A quick story about rising above perfectionism…
Recently, I decided to turn my “side hustle” web design business into a full-time gig. My problem was that I've been so busy building web sites for clients that I neglected building one for myself. Well, I had a crappy one that was really just a lame web page saying, “I make web sites. Get in touch if you want one.”
Over the past 10 years, do you know how many people “got in touch”? One. Uno. Half of two. Barely more than zero.
As you might guess, that's a huge problem if I wanted to get serious about amping up my business. I wouldn't go to a barber with a terrible haircut, so I wouldn't expect web clients to hire me if I didn't have a decent web site.
Although I love designing and building web sites for others, the thought of doing it for myself was scary. I didn't know what I should include on the site or what I should say. I wanted it to be perfect, but I didn't know where to start.
Then I recalled a concept from software development called MVP which stands for “minimum viable product”. It means “what's the bare minimum set of features an app has to have before someone will buy it?” Anything beyond that is just not immediately necessary.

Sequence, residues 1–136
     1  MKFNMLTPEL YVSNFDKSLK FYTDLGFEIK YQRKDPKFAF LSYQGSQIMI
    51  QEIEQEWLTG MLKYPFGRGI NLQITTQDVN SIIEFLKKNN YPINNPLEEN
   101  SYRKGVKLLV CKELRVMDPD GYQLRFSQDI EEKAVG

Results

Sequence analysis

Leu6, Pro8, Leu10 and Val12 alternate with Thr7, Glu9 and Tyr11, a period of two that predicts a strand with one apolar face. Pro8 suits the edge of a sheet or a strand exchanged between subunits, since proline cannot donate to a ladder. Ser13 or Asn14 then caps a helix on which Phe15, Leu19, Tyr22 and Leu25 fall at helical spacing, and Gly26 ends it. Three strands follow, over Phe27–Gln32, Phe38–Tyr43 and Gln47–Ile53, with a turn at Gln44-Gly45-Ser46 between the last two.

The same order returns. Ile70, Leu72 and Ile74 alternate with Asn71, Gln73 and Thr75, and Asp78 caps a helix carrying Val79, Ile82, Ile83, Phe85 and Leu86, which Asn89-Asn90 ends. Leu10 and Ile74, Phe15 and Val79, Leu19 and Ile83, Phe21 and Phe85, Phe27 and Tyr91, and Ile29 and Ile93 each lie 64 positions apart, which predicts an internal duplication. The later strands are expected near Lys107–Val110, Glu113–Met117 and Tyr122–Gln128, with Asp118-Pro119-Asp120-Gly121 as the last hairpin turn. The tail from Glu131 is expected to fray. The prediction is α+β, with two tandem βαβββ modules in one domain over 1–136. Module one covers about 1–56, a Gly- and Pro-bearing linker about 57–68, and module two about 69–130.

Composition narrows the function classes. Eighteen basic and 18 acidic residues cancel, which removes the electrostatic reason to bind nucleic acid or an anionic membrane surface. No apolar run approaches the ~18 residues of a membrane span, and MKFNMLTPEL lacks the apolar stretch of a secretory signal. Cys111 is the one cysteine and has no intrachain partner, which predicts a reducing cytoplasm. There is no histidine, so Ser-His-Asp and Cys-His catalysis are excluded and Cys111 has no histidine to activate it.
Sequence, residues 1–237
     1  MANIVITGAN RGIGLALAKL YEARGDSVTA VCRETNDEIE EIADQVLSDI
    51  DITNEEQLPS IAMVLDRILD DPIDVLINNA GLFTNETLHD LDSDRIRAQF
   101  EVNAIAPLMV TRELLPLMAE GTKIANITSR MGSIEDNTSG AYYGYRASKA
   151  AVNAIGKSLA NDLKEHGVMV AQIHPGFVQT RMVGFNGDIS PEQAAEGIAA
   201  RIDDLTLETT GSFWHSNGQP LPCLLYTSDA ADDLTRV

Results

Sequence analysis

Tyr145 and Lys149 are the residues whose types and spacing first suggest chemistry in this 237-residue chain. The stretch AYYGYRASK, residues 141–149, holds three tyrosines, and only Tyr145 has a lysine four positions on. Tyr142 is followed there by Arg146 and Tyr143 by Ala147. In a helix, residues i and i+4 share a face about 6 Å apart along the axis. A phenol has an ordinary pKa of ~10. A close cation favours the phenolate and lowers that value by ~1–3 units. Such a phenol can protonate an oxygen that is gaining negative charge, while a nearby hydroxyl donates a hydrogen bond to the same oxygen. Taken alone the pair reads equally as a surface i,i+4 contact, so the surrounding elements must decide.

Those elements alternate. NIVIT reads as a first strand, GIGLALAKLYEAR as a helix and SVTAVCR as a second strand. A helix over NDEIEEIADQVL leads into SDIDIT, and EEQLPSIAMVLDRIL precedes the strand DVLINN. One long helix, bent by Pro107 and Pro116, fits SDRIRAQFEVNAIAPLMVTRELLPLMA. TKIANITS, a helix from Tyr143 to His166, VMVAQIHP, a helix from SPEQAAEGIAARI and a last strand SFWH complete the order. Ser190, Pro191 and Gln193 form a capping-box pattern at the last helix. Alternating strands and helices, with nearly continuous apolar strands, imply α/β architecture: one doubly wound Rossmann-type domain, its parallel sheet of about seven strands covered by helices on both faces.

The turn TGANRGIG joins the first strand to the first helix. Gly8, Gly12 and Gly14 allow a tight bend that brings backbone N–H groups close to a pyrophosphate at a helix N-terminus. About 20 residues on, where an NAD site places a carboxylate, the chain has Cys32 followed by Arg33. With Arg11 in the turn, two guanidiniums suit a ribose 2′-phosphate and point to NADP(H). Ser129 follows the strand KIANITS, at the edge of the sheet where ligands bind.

So I used that approach for my new web site. I asked myself: What's the bare minimum I need to?…
I made an outline, wrote down some words, and started building a very basic site. Knowing that it was just the first of many future versions gave me freedom — I didn't have to worry about including everything or making it perfect.
It really boiled down to 4 things:
Easy-peasy-lemon-squeezy when you think of it that way! All I had to do was write the web site code, add the answers to those questions, tweak a few things to make it look pretty, and remind myself that sometimes “good is good enough”. I knew I could make it closer to “perfect” later.
I wanted to get past building my own site and move on to the work of building web sites for others.
With the Covid-19 situation, many businesses are realizing their web site is more important than ever. But some are bogged down, like I was, trying to build a new site or improve an old one. They might not know the “MVP approach” can get them to “good enough” and start boosting web traffic (and hopefully revenue, too).
What part of your business have you been frustrated with lately?
Have you ever tried the MVP approach?Let Us Know!